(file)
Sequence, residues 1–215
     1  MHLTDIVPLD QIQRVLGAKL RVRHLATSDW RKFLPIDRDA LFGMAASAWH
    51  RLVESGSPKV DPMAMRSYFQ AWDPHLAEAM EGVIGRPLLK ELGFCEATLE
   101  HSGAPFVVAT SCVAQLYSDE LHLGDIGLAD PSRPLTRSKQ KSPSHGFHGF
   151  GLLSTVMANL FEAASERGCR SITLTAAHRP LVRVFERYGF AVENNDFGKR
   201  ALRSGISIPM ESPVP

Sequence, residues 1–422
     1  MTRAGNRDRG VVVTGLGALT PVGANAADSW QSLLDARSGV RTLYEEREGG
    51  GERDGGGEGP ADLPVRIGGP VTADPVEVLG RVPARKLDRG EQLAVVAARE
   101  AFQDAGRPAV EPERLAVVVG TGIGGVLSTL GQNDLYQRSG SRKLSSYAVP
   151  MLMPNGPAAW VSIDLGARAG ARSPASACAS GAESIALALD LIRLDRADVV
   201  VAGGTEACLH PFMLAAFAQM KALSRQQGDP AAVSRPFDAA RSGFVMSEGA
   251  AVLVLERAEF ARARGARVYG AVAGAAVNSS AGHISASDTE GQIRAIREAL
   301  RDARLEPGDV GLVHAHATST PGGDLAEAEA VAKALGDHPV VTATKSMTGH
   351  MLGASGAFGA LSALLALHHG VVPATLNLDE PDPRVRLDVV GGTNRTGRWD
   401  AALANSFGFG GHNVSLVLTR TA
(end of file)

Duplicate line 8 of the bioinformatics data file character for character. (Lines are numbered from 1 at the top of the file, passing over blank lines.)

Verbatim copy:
     1  MTRAGNRDRG VVVTGLGALT PVGANAADSW QSLLDARSGV RTLYEEREGG